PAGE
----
I get the feeling that more and more metalheads too are just downloading single tracks. Is the album as relevant today as it was in the 70s and 80s? Is digital killing the album?
SOTW / Skully – I don’t think digital is killing the album. Maybe just a phase we are going through. The market has become over-saturated and confused. Because there is so much good material out there mixed in with so much crap out there. Anyone with a laptop and a decent recording program can record. But that does not mean they have a great band to perform it. And just because they can record does not mean they have the experience and talent to write and record good / great material. A lot of bands I work with in our studio seem to be in a rush to compete or try and jump into some trend. Most of the time it all ends up rushed and also crappy. A really good single can be great if followed up with a album. It could possibly spark enough interest to forge ahead.

Are we killing our beloved metal scene by supporting digital downloading or can anything positive come from supporting single tracks and not albums? Will the fan as we know him/her be gone soon?
SOTW / Skully – Again – there is so much crap out there. Reminds me of a true old expression – “The Cream Rises To The Top” – but not so much especially now there is so much crap crusting up on the top it is hard for the cream to rise. It takes a whole lot of money to promote. And if a really good band does not have a lot of start up finances to break through and be able to re-invest more. Getting material out there by any means necessary is a good thing. The part that sucks most is less people are willing to pay for it. So, that hurts any band from being able to have money to reinvest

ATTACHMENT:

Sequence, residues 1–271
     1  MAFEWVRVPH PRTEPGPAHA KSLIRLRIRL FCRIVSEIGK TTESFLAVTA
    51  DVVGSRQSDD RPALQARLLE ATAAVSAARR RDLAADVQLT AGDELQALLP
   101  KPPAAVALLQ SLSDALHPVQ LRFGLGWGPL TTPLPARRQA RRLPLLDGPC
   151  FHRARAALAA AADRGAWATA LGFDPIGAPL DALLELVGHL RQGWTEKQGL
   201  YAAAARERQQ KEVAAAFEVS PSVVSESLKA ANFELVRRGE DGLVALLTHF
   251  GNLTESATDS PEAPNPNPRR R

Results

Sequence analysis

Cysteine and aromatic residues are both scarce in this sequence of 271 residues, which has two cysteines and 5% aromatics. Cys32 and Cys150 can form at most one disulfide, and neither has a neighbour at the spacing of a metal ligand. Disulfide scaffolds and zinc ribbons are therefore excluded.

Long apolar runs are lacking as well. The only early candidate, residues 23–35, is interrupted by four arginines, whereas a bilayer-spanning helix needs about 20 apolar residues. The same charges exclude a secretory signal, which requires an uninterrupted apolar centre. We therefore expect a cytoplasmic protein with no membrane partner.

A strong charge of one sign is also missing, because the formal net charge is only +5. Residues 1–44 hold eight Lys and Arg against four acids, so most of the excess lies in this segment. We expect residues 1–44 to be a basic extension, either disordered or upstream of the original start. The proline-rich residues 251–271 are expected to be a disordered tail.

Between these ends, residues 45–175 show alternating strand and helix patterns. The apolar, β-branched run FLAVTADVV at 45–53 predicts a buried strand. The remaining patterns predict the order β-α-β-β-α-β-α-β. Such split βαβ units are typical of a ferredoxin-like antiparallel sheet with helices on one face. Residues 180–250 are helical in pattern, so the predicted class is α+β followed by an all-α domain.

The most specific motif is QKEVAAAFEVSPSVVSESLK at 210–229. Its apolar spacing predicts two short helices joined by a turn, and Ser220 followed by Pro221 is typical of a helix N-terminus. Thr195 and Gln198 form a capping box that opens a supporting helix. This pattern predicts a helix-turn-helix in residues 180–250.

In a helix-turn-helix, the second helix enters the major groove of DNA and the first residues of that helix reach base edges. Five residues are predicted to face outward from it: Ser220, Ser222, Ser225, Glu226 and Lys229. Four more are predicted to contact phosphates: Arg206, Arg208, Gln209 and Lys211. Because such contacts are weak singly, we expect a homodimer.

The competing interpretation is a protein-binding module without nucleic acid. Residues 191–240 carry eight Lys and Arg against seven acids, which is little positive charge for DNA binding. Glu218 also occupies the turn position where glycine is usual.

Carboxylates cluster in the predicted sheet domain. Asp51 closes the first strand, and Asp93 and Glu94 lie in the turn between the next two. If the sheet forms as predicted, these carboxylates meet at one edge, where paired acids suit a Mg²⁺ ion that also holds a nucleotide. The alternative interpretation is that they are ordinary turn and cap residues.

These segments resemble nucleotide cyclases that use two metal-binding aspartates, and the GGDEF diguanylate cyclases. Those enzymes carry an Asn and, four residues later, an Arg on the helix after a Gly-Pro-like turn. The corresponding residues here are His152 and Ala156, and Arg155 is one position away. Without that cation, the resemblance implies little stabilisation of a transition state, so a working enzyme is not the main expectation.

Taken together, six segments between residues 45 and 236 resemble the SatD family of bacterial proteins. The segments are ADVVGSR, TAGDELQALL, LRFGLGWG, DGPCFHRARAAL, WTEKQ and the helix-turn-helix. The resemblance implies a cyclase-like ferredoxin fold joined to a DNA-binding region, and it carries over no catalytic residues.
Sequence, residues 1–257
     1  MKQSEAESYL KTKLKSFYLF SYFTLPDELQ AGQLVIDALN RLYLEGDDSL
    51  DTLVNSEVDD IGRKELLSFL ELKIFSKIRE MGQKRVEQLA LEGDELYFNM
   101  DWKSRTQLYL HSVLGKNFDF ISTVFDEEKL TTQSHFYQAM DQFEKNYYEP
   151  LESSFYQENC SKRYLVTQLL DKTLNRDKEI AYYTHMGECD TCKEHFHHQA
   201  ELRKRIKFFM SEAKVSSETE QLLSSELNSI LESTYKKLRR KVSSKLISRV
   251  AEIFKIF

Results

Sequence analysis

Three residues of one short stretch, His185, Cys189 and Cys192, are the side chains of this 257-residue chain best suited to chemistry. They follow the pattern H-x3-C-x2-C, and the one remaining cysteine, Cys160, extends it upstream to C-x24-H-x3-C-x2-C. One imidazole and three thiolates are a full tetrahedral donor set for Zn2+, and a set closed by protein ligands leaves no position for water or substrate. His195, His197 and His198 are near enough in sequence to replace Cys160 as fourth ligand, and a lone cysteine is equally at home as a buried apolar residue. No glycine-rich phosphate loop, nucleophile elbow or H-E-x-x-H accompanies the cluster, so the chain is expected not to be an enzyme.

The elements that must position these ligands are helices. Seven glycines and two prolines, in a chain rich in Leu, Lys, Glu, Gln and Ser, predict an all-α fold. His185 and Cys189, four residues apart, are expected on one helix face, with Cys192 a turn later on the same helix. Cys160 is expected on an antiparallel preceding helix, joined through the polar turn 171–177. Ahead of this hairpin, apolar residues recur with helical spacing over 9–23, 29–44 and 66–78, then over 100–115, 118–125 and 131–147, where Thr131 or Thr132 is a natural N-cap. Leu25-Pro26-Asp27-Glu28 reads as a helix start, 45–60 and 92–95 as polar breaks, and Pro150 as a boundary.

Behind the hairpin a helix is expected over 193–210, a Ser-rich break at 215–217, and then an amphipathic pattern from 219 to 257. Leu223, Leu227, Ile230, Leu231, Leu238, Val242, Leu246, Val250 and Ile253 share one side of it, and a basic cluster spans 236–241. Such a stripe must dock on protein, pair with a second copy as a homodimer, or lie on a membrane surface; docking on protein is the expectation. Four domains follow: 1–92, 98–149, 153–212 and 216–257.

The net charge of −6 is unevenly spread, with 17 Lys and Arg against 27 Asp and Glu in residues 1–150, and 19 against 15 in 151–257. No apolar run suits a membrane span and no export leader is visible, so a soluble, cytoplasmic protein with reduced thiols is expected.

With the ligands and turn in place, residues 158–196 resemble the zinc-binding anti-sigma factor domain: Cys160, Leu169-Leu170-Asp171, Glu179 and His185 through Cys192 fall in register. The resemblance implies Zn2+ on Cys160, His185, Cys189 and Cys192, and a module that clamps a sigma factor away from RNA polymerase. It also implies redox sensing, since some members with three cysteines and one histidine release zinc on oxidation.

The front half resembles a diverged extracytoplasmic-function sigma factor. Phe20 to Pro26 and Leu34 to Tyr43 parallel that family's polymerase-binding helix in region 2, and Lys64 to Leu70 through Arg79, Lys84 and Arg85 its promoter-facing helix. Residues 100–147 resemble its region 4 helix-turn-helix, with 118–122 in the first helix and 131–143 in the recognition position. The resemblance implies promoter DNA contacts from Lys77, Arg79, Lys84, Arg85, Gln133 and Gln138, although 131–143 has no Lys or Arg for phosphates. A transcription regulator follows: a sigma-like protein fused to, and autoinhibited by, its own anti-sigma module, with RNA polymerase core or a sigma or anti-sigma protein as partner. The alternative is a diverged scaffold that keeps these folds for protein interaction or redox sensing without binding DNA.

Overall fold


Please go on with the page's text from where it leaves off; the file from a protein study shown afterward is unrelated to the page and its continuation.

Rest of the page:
Is there a scene to speak of for a band like yours? Where do you fit in?
SOTW / Skully – There definitely is. The film industry is a good thing for SOTW material because of the vibes we create. And there are multitudes of people out there that are becoming tired of the same sounds they have been subjected to over the past 10 years. I have not heard a lot of diversity coming forth from new bands as I used to in the 70’s and 80’s. Even in the 90’s there was more diversity than the 2000’s. I do believe that those that are weary of all that are taking a liking to SOTW. We tend to not sound the same on every song. Sure our sound is identifiable, but we tend to go for a change in pace to make a album more like a roller coaster ride. Each song takes you to a different place.

What does the future hold?
SOTW / Skully – With a new line-up on bass, drums, and lead vocals we have already began new material. We have Robert Baxter on lead vocals now. After a few years of several auditions, Robert came along and fit in nicely. We have Sam Conable on bass, and Ken Trapp on drums. So far we have 7 new songs in the works for next album. Our goal is to get this album done to be released in early 2020. The over-all concept is already in place. After 10 years of working and waiting to get “Last Act Of Defiance” out, we want to make up for lost time. Hopefully if things go well we will play a lot more live shows in the near future. We will certainly make some more live video right from our own rehearsal stage in the coming months.

Video from the 2007 album “Once In A Blue Moon”